About the Author:This blog post is authored by guest author Dan Cieslak, a Claims Services Consultant for Westfield Insurance. Dan is based out of our Lake Mary, FL service office but his territory is basically the footprint of Westfield. He oversees some of Westfield's largest accounts. Dan has 35 years of claim experience primarily in the Mid Market and Special Risk arena. His professional designations include a Senior Claims Law Associate from the American Educational Institute.
I saw a recent article from J.J. Keller that I found interesting. The article listed general industry regulations that require written safety/emergency plans. Written plans are required when OSHA considers a safety or health hazard to be serious. The plan generally requires written documentation on the steps an employer takes to counteract the hazard.
For many of you, not all of these plans will be applicable to your business. For those that apply, you need to make certain that your written plans meet all the OSHA required elements specified in the regulations.
This list by J.J. Keller was in order based on the most-violated to the least-violated plans. Hazard communication was the most violated area due to the lack of a written plan or a plan that did not meet all the OSHA requirements.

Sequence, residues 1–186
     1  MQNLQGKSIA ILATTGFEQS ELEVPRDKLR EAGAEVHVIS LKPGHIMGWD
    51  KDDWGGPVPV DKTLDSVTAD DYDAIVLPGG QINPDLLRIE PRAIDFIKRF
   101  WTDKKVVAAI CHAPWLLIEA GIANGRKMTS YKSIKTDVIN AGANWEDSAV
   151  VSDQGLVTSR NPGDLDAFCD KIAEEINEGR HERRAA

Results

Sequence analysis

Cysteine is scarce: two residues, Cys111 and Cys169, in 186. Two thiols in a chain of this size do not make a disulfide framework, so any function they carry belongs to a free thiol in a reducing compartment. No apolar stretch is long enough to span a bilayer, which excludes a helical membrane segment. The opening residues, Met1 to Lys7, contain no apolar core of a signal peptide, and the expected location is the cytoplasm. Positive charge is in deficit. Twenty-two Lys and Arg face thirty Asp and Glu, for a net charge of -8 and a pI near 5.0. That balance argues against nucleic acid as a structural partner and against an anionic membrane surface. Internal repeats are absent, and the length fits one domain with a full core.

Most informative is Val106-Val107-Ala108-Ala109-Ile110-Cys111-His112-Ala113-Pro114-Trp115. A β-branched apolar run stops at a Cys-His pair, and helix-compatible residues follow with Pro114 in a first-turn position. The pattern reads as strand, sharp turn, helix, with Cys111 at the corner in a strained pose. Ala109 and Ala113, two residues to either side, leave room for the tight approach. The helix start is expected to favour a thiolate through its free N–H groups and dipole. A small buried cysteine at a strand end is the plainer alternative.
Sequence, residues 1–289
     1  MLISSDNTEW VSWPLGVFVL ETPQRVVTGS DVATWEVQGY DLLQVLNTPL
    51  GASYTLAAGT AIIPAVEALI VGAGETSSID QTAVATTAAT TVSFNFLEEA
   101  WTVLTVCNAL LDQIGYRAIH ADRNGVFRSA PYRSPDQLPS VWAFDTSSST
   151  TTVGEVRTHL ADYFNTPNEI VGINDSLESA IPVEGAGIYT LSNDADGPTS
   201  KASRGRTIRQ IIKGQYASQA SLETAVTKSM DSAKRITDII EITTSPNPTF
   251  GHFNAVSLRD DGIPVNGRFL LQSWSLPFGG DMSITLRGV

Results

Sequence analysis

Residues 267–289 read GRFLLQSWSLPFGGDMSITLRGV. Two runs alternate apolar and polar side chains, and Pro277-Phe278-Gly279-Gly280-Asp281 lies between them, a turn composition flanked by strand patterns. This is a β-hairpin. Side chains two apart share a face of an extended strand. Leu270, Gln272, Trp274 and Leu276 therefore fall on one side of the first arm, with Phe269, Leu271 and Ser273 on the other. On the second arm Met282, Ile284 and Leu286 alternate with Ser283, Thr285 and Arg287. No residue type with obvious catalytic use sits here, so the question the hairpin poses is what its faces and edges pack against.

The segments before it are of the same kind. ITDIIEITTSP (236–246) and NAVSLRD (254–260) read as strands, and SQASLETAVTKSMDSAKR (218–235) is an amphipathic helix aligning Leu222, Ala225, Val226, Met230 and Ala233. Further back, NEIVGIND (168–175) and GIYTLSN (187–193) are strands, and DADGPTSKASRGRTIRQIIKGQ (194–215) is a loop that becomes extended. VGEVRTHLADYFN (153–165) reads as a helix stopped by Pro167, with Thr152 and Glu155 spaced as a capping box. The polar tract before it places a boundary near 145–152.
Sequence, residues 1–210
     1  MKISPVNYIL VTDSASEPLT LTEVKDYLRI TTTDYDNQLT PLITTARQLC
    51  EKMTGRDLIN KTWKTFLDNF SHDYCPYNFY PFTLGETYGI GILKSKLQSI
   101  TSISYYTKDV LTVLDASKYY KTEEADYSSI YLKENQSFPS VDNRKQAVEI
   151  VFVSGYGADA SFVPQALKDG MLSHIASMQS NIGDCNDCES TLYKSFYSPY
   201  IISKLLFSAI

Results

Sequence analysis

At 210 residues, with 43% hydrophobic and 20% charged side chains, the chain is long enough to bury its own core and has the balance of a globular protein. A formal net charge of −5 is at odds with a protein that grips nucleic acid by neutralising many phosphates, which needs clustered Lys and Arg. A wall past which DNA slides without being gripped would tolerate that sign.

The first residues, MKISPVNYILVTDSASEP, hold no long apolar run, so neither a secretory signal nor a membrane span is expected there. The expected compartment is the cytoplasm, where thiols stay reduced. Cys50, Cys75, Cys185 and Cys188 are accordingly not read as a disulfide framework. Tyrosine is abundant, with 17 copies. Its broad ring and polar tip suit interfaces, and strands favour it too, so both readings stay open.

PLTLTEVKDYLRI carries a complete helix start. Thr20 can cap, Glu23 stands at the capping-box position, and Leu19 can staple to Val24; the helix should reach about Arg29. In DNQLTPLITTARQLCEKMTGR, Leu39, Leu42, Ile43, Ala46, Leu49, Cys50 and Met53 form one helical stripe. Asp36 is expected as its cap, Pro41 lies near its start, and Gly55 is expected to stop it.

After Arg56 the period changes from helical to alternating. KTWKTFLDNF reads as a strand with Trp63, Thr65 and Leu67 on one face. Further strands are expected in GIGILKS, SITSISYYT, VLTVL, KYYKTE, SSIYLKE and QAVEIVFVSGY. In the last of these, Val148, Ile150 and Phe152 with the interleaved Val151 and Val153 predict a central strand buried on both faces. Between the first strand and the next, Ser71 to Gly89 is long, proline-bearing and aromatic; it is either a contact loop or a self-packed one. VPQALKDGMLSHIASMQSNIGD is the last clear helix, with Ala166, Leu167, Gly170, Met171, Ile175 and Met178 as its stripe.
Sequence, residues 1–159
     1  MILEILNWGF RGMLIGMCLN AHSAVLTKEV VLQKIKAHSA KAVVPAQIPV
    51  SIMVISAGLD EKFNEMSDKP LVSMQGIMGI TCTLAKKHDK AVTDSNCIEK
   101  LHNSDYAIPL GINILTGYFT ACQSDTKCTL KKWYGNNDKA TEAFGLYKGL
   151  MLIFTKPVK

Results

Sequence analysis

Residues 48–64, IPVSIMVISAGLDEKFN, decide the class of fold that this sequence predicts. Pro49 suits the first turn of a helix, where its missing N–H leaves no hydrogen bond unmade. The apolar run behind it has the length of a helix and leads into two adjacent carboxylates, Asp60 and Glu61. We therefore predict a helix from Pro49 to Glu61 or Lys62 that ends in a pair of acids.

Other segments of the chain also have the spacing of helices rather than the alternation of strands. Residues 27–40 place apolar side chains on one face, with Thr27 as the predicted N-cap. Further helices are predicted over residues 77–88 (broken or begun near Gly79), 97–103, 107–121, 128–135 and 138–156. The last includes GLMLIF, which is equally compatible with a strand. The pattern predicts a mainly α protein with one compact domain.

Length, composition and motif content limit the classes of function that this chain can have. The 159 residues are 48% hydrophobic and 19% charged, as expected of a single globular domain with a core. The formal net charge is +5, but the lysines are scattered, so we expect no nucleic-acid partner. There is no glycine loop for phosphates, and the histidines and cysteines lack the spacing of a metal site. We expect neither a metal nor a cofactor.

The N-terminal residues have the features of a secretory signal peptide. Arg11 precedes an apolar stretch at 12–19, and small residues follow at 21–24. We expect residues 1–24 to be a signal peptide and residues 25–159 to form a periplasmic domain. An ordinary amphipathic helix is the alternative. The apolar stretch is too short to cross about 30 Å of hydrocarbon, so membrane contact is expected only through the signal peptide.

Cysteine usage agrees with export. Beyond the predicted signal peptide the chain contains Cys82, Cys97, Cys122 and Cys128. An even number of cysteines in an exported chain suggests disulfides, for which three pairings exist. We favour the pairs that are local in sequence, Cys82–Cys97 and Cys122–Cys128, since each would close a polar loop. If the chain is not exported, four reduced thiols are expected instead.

• Hazard communication – 1910.1200(e)
• Lockout/tagout (energy control procedures) – 1910.147(c)(4)
• Respiratory protection – 1910.134(c)(1)
• Process safety management – 1910.119(d),(e)(1),(f)(1),(j)(1),(m)(4),(o)(3)
• Personal protective equipment (hazard assessment) – 1910.132(d)
• Bloodborne pathogens – 1910.130(c)
• Emergency action plans – 1910.38(b)
• Permit-required confined spaces – 1910.146(c)(4)
• Hazardous waste operations and emergency response – 1910.120(b)(1),(l)(1) (p)(1),(q)(1)
• Electrical safety (assured equipment grounding conductor program and lockout/tagout procedures for work with energized parts) – 1910.304(b)(3)(ii) and 1910.333(b)(2)(i)
• Fire prevention plans – 1910.39(b)
• Laboratory standard (chemical hygiene plan) – 1910.1450(e)
• Commercial diving operations (safety practices manual) 1910.420
• Powered platforms for building maintenance (emergency action plan) -01910.66(e)(9)
For further information on these and other safety regulations, please go to OSHA at www.osha.gov Select the Regulations tab and search a specific regulation you are interested in.